Saturday, 7 July 2012

Insecure by design

We have a fundamental flaw with security. We like to argue that we need to have people that can think as the attacker to be successful as a defender, but this cannot be further from the truth.

Yes, as Sun Tzu stated, it is well suited to the field to know one’s self as well as one’s enemy, but this means we need to start to understand each in their own way. This is flaws and all.

Security is a function of the system and organisation it is designed to defend and it is always an economic function (even in the military). There are no absolutes and what is “cool” is rarely the main concern. As much as malcode such as Flame captures the news, it is of far lower concern then the simple issues constantly confronting us.

Again and again we hear tails of APTs, Stuxnet and more in the News. We as security “professionals” help and aid in the propagation of this myth. The truth is that it is the boring mundane things that really make the true difference.

Patching, White-listing of applications and other simple and mostly overlooked controls are of far more use than the majority of cool toys being pushed on us.

  • Yes, these are far sexier than patching and effective policy controls.
  • Yes, awareness can be boring.
  • Yes, educating people is an endless process.

That stated, these are things that really make a difference.

That stated; these are things that really make a difference.

When “we” as an industry finally start to look at and address the real issues, then and only then will we start to make headway. Only then will we manage to gain a foothold against a rising tide of crimeware and attacks.

For all of the news of new attacks, of zero-days and more, it still remains the systems that have not been patched, the applications that we have allowed off a white-list and poor practice that cause most compromises and breaches.

When we think of critical infrastructure attacks, it is the simply wrong belief that these systems are OK as they are and that these do not need to be patched that leaves them vulnerable. It is the failure to have basic controls and updates, not the growth of new forms of attack that places these systems at risk.

I was told the other day that “old attacks” do not matter and that these could never be used to attack anything. This is the problem with this industry. Old attacks work. New attacks cost money. APT and zero-days are expensive to both create and deploy. They are the proverbial nuclear weapons. Once they are used, they are depleted. They may be used, but the use is extremely controlled and limited. For each of these, there are thousands of not millions of conventional attacks. This is attacks using old vulnerabilities.

  • When we as security professionals start to understand that security in business is about business, we will start to make headway.
  • When we start to understand that there is no absolute level of security, we may start to win battles.
  • When we start to see all security as an economic calculation based on risk, some of which are accepted and not all of which can be fixed, we will start to create secure systems.

But whilst we leave the basics of security for that which is “cool”, fun and trending, we have left the path to creating secure systems and left ourselves open to attack.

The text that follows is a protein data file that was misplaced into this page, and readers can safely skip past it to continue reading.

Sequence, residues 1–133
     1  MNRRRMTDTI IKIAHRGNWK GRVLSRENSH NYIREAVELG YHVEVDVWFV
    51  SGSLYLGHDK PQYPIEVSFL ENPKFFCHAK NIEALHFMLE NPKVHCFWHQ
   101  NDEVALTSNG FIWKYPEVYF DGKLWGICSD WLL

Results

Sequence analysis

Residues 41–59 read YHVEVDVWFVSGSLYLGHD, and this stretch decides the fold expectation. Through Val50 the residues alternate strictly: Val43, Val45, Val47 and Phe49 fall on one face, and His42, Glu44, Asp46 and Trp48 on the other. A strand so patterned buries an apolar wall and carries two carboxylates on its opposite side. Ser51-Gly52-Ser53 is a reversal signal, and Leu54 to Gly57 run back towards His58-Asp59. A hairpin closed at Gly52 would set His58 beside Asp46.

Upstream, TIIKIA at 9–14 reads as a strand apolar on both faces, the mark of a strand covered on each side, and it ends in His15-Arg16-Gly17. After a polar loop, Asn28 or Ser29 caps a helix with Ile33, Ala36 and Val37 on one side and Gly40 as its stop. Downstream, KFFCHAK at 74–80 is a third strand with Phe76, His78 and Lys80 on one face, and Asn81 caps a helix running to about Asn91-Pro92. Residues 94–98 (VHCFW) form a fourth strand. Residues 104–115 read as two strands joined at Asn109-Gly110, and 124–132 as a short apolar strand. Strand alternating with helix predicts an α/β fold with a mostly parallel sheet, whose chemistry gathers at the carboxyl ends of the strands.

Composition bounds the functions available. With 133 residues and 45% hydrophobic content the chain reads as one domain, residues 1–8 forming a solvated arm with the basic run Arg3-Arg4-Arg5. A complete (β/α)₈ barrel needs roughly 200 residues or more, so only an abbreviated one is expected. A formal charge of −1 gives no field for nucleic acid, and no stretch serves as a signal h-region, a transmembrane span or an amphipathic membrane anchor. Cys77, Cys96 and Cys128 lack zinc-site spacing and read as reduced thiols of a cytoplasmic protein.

Security is not about creating perfection, it is about creating resilient systems that can survive a certain level of attack. Aim for perfection and aim to always lose.

2 comments:

Robert Shullich said...

The problem with the risks is that there is a lack of ability to calculate it. We know what risk formular is, yet quantitative risk requires rel good numbers and metrics, and qualitative risk does make it easier. The problem with the calculation is that the business, which we have to satisfy, will push the calculations as to either low probability "oh that will never happen" or low impact "how much damage could that relly do" and in either case push the risk down to a real low and insignificant risk.
So yes, security and risk is a business decision, and if the business wants to accept it, that is a business decision. But that also assumes that the risk that the business is accepting is accurate, because if the risk being stated is deflated from reality then the business is actually accepting a higher risk.
What oes that mean? It means that we have to be better at forecasting probability and impact. And part of doing that means security metrics.

As far as training to be a defender, this a another weak spot. Universities still don't train programmers in secure programming. Programmers are being allowed to learn it wrong, and this needs to be fixed.

All of your talk about patching and whitelisting is fine and good, but it is only tactical, and as worthless as a strategic direction because it is what we would call "bolt-on security" it is after the fact. GOOD in a defense in depth approach. But the strategic direction is building apps and systems correct in the first place, as Microoft used in their SD cubed scenarios, Secure By Design as the fist step.

Craig Wright said...

True, defense in depth is a good approach, but he fact remains, whitelisting and patching alone do more than any other action as well as not costing the earth.

Patching is not a bolt on, but needs to be a part of an operational strategy.

Next, there is no way to "build apps right" all the time. There is better as MS have started doing, but there is nowhere close to perfect.

As for metrics... Well I disagree. Something I have been working on for some time and there are immense volumes of data out there.
What we lack are people who can do anything with that data